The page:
From the start, the EDL has been a thoroughly amateur operation, built on internet chatrooms and Facebook. It used the existing networks of groups like March for England, and also those of the football hooligan world, quickly to command a fairly large number of committed supporters. It held demonstrations in various British cities throughout the summer, and was met with counter-demonstrations in every one by UAF. Violence broke out each time, and each side blamed the other for setting it off. Local Muslims turned out for the demonstrations, and in many cases so did a small but significant Islamist element, from al-Muhajiroun or other local sources. Photographs and video footage emerged of shaven-headed white men giving Nazi salutes and chanting racist slurs, and of gangs of Asian youths snatching a Union flag from an old man and beating a white youth to the ground. In July, Paul Ray appeared on talkSPORT radio as a spokesperson for the “English and Welsh Defence Leagues”, and rather than “beating around the bush”, declared that his grievance was with “all devout Muslims”.
The EDL has certainly arisen in the context of a successful period for the BNP, which won two seats in June’s European parliamentary elections and more than six per cent of the national vote, and perhaps a somewhat active period for other types of far-Right extremists. In early May, in between the two United People of Luton protests, the Islamic Centre in Luton was gutted by an arson attack. In July, counter-terrorism detectives uncovered a far-Right terrorist network and, along with it, a weapons cache larger than any seized in this country since the early 1990s. It is a fact that Muslims have, for some time now, been the main preoccupation of the far-Right in all its forms.
But it is problematic to designate the EDL as far-Right, because it is a single-issue pressure group. The only thing that everyone within its loose structure has in common is that they are against Islamic extremism, and that in itself is not necessarily a far-Right cause. The problem, of course, is that an anti-Islamic extremism campaign will attract people who are simply anti-Islam. Although Paul Ray has left the EDL since his infamous talkSPORT interview (with bitter words on his blog for the “pirates” who he claims ousted him), the group is likely to remain attractive to people with his kind of views.
Pro- and anti-EDL demonstrations in Manchester last month
In the last month, the EDL has begun to take on a more stable identity. It now has an established leadership and an established message: it is nothing to do with the BNP, and not a political party itself; all races and religions are welcome and in fact wanted for a non-violent pressure group protesting against the influence of Islamic extremism in the UK. The only unsavoury thing that the EDL declares about itself is its affiliation with a body called Casuals Utd, a national federation of football hooligan “firms”. But comparing our terraces to their Continental counterparts, football fans in this country, even the hooligan variety, are not particularly racist. The EDL argues that “only a certain sort of people will be willing to face up to the extremists”, and this may or may not convince anyone. But the way the right to protest works in this country is that protest groups are taken at their word first, and then their behaviour is subject to scrutiny by the police and the media. From what the EDL says about itself, it is the claim to being non-violent, not the claim to being non-racist, that is the more suspicious.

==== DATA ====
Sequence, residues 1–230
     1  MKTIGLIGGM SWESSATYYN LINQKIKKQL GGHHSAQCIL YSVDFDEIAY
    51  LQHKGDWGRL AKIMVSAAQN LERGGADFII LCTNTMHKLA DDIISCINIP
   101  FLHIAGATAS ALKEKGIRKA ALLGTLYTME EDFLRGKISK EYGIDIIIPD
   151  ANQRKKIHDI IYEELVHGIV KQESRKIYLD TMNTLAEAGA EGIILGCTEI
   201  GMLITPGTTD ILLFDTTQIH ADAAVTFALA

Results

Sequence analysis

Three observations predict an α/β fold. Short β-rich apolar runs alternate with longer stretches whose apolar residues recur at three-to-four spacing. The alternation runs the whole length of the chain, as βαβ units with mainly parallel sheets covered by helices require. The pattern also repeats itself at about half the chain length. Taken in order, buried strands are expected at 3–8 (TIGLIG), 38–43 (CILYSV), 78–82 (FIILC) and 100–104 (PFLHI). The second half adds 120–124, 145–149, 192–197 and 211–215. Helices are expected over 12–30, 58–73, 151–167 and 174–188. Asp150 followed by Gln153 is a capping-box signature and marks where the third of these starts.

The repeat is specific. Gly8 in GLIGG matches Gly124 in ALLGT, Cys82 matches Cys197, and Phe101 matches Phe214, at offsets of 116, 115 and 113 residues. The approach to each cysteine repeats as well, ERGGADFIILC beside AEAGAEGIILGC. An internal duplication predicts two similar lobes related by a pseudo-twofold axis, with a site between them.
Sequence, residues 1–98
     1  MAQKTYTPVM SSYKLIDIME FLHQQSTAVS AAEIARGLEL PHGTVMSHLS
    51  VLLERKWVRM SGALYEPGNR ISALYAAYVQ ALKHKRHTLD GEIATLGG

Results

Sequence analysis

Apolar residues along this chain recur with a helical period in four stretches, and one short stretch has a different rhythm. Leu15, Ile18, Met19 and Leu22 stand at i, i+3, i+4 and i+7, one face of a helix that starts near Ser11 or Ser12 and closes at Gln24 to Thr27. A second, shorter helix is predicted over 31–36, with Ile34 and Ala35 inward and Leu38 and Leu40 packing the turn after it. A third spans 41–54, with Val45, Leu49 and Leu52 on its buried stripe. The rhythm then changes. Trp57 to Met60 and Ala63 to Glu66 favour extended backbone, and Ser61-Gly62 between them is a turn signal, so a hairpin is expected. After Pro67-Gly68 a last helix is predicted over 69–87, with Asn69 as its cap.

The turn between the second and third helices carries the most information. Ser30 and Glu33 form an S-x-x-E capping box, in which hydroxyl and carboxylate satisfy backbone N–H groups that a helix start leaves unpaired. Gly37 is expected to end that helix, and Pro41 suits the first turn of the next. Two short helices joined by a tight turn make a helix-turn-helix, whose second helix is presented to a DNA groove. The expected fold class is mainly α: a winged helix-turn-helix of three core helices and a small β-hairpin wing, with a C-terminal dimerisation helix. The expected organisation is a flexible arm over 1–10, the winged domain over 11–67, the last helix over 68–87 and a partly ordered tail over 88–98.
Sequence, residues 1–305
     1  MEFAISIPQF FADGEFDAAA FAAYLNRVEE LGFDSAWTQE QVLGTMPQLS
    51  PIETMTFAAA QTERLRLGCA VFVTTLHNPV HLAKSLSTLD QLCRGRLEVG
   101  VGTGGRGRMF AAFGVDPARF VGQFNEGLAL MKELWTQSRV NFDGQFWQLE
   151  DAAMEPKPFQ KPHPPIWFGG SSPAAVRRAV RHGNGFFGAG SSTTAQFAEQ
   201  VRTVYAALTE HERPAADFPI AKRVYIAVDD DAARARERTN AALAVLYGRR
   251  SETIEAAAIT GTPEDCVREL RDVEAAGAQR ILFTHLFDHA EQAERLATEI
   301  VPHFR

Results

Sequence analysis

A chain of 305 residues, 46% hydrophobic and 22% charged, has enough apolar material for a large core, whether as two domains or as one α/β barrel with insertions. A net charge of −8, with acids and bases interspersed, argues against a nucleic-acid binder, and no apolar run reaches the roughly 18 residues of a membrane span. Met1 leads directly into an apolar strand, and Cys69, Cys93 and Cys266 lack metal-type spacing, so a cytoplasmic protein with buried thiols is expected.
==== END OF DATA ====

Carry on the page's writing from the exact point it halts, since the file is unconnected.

There is no evidence for the UAF claim that the BNP or some other far-Right agenda is secretly pulling the strings. There is, however, some evidence of a certain amount of casual overlap between the EDL membership and that of the BNP (whose list was leaked to the public last year). The anti-fascism magazine Searchlight has run a series of articles investigating this kind of crossover, and when I talked to Tommy Robinson (a pseudonym), the current leader of the EDL and founder of United People of Luton, I challenged him about them.
“To be honest, my stance all along is that BNP members aren’t racist. I can admit that seven years ago I looked into the BNP when I felt that I had no one else I could turn to in my hometown, just to see, because I wasn’t aware of all their stances. Like not letting non-white people join — I wasn’t aware of that. Like what political party Nick Griffin used to run, i.e. the National Front.
“With regards to Chris Renton [who was said to have designed an early EDL website], he was a BNP member, he’s now resigned from the BNP. One hundred per cent I believe that Chris Renton is not racist at all. He told me clearly that he was not aware that black people couldn’t join. He just was worried about Islamic fundamentalism in this country, and they were the only people speaking a language that he could listen to.
“Davy Cooling [said by Searchlight to be a member of both the BNP and the MIGs (Men in Gear), a football hooligan firm from Luton which, according to Searchlight, doubled as activists for the BNP] is a nice bloke. The MIGs are a football hooligan element from Luton Town who pretty much haven’t been around since the 1980s. He’s in the EDL, but I know everyone in Luton and I know Davy Cooling is not in the MIGs. I know who is and isn’t in the MIGs. So you have to question whether he’s a BNP member or not as well. He swears he’s not, but I’ve heard someone say he’s on the leaked list. But at the same time, Davy Cooling hangs around many black lads. Even if he is a BNP member, it doesn’t mean he’s racist.